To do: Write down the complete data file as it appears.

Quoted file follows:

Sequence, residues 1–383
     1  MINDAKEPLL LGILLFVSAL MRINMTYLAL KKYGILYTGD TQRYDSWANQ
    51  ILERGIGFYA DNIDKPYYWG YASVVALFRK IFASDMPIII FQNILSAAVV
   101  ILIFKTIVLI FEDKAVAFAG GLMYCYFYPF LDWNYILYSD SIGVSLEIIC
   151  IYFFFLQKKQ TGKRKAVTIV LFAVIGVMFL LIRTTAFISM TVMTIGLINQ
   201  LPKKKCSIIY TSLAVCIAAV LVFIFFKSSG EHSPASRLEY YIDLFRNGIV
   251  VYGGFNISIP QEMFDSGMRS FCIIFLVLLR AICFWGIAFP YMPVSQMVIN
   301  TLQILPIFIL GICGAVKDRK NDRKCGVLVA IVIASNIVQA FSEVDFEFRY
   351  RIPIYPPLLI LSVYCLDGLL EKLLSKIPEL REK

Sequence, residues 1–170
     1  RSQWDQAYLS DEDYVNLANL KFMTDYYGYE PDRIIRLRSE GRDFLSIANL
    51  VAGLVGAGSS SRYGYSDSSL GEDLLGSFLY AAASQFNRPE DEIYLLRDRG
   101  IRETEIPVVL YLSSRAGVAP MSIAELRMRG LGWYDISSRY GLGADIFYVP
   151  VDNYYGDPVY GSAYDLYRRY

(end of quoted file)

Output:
Sequence, residues 1–383
     1  MINDAKEPLL LGILLFVSAL MRINMTYLAL KKYGILYTGD TQRYDSWANQ
    51  ILERGIGFYA DNIDKPYYWG YASVVALFRK IFASDMPIII FQNILSAAVV
   101  ILIFKTIVLI FEDKAVAFAG GLMYCYFYPF LDWNYILYSD SIGVSLEIIC
   151  IYFFFLQKKQ TGKRKAVTIV LFAVIGVMFL LIRTTAFISM TVMTIGLINQ
   201  LPKKKCSIIY TSLAVCIAAV LVFIFFKSSG EHSPASRLEY YIDLFRNGIV
   251  VYGGFNISIP QEMFDSGMRS FCIIFLVLLR AICFWGIAFP YMPVSQMVIN
   301  TLQILPIFIL GICGAVKDRK NDRKCGVLVA IVIASNIVQA FSEVDFEFRY
   351  RIPIYPPLLI LSVYCLDGLL EKLLSKIPEL REK

Sequence, residues 1–170
     1  RSQWDQAYLS DEDYVNLANL KFMTDYYGYE PDRIIRLRSE GRDFLSIANL
    51  VAGLVGAGSS SRYGYSDSSL GEDLLGSFLY AAASQFNRPE DEIYLLRDRG
   101  IRETEIPVVL YLSSRAGVAP MSIAELRMRG LGWYDISSRY GLGADIFYVP
   151  VDNYYGDPVY GSAYDLYRRY